PLO affirms change in charter regarding Israel
January 31, 1998
Arafat and Clinton at a January 22 meeting
Web posted at: 11:23 p.m. EDT (2323 GMT)
JERUSALEM (CNN) -- The PLO's Executive Committee issued a letter Saturday confirming that all paragraphs in the Palestinian Charter that call for the destruction of the state of Israel have been abolished.
But it was not clear whether the committee had voted to abolish the paragraphs. Israel Radio reported that a senior adviser to Prime Minister Benjamin Netanyahu called it "a delaying action."
The issue is one of the keys to U.S. Secretary of State Madeleine Albright's effort to revive the Israeli-Palestinian peace process as she visits the Mideast.
Palestinian leader Yasser Arafat has not been willing to reconvene the Palestine National Council to write a new charter, but he promised President Clinton at a January 22 meeting in Washington to have the Executive Committee confirm that the offending paragraphs have been abolished.
In April 1996, the Palestinian National Council decided to abrogate the Palestinian Charter, but Netanyahu's government has always contested that decision.
Israel has called for Palestinian leaders to reconvene the much larger Palestine National Council and write a new charter with specific references to which paragraphs of the charter have been abolished.
Whether or not the charter is still viable in Israel's eyes is a stumbling block for implementing the second deployment of Israeli troops from the West Bank.
A stumbling block
The Executive Committee convened Saturday, on the eve of scheduled talks between Albright and Arafat.
The Palestinian leadership also discussed the peace process in the wake of the Washington talks. The Palestinians now have jurisdiction over about one-quarter of the West Bank, including most Arab urban centers, and want Israel to move quickly ahead with promised pullbacks from large chunks of territory.
But Israel says it will not go ahead with any new withdrawals unless the Palestinians fulfill several conditions, mainly having to do with security. Netanyahu's government says Arafat has not done enough to crack down on Islamic militants.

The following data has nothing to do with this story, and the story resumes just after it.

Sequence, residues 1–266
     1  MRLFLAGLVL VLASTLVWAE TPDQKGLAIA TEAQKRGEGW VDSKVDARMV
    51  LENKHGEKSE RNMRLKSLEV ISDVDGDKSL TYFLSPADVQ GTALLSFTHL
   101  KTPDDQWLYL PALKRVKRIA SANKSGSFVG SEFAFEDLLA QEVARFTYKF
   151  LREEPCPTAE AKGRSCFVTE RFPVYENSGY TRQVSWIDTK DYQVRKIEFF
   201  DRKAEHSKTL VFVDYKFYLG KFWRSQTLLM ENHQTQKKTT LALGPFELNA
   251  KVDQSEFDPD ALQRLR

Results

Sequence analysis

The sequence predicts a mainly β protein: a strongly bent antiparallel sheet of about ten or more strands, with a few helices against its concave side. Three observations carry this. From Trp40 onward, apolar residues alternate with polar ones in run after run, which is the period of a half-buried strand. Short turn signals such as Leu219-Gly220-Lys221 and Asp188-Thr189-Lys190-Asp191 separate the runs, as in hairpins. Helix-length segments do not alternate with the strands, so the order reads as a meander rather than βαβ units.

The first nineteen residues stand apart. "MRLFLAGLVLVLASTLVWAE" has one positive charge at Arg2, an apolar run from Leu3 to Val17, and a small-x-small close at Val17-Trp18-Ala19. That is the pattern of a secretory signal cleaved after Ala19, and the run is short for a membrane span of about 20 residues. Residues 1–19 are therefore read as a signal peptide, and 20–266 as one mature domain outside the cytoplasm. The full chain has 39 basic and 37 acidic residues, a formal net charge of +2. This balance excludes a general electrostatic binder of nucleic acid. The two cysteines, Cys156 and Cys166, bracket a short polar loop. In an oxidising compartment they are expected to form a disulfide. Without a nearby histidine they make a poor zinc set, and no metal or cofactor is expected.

The Clinton administration has proposed that Israeli pullbacks from the West Bank be broken up into stages, with withdrawals being made in exchange for specific Palestinian actions.
During 4 1/2 hours of talks with Netanyahu on Saturday, Albright went over the Clinton proposal that Israel withdraw its troops in stages synchronized with new Palestinian security measures.
Albright offered some "refinements" that U.S. State Department spokesman James P. Rubin said could not be revealed -- at least not until she took them up with Arafat on Sunday in Ramallah, on the West Bank.
Iraqi shadow hangs over process
A complicating factor in any discussion of the peace process, however, is fear that Iraq could again fire missiles at Israel if Western nations make a military move against Iraqi President Saddam Hussein.
That possibility, and the possibility that Israel would
retaliate, compound an already difficult situation for Albright, who wants Arab backing in the event of a U.S. attack on Iraq.
She discussed the situation with Netanyahu, but Rubin said
afterward only that "we would continue to coordinate closely with Israel" and that Israel shared the U.S. objective that Saddam Hussein get rid of weapons of mass destruction.
"Israel is a close friend," Rubin added.
Albright had scheduled a news conference after her meeting with Netanyahu, but canceled it.
Iraq landed 39 Scud missiles in Israel in the 1991 Gulf war,
killing 11 civilians. At the behest of the Bush administration, which wanted to maintain Arab support for the anti-Iraq coalition, Israel did not retaliate.
Agreeing to a U.S. scenario for another West Bank pullback -- Israel has already turned over 27 percent of the territory to
Arafat -- could be more than Netanyahu is willing to risk during the Iraq crisis. He stressed on a trip to Washington two weeks ago for talks with Clinton that giving up territory poses a danger for Israel, surrounded as it is by hostile neighbors.
Arafat insists the Palestinians are entitled to about 90 percent of the territory under the 1995 Oslo accord with Israel.
Administration officials would not say whether Albright would ask Netanyahu to not retaliate in the event of an Iraqi attack. In talking to reporters on the flight from London to Jerusalem, they insisted that pushing for a phased Israeli withdrawal was not designed to placate Arab leaders who disapprove of an attack on Iraq.
The two officials, who spoke under a promise of anonymity, insisted that Arafat is willing to consider Clinton's proposal for a phased Israeli troop pullback linked to security moves on his part.
Asked Wednesday in Gaza City whether he had agreed to such a
scenario, Arafat said "definitely not." The U.S. officials said what the Palestinian leader was doing was withholding judgment on the details of a pullback.
They also said Albright was encouraged by discussions she had
Friday night in London with King Hussein of Jordan. Hussein was an ally of Saddam during the Gulf War, but has criticized Saddam's government since.
The king, dependent largely on Iraq for Jordan's
90,000-barrel-a-day oil requirement, registered his
"understanding" of the administration's stand to Albright, the officials said.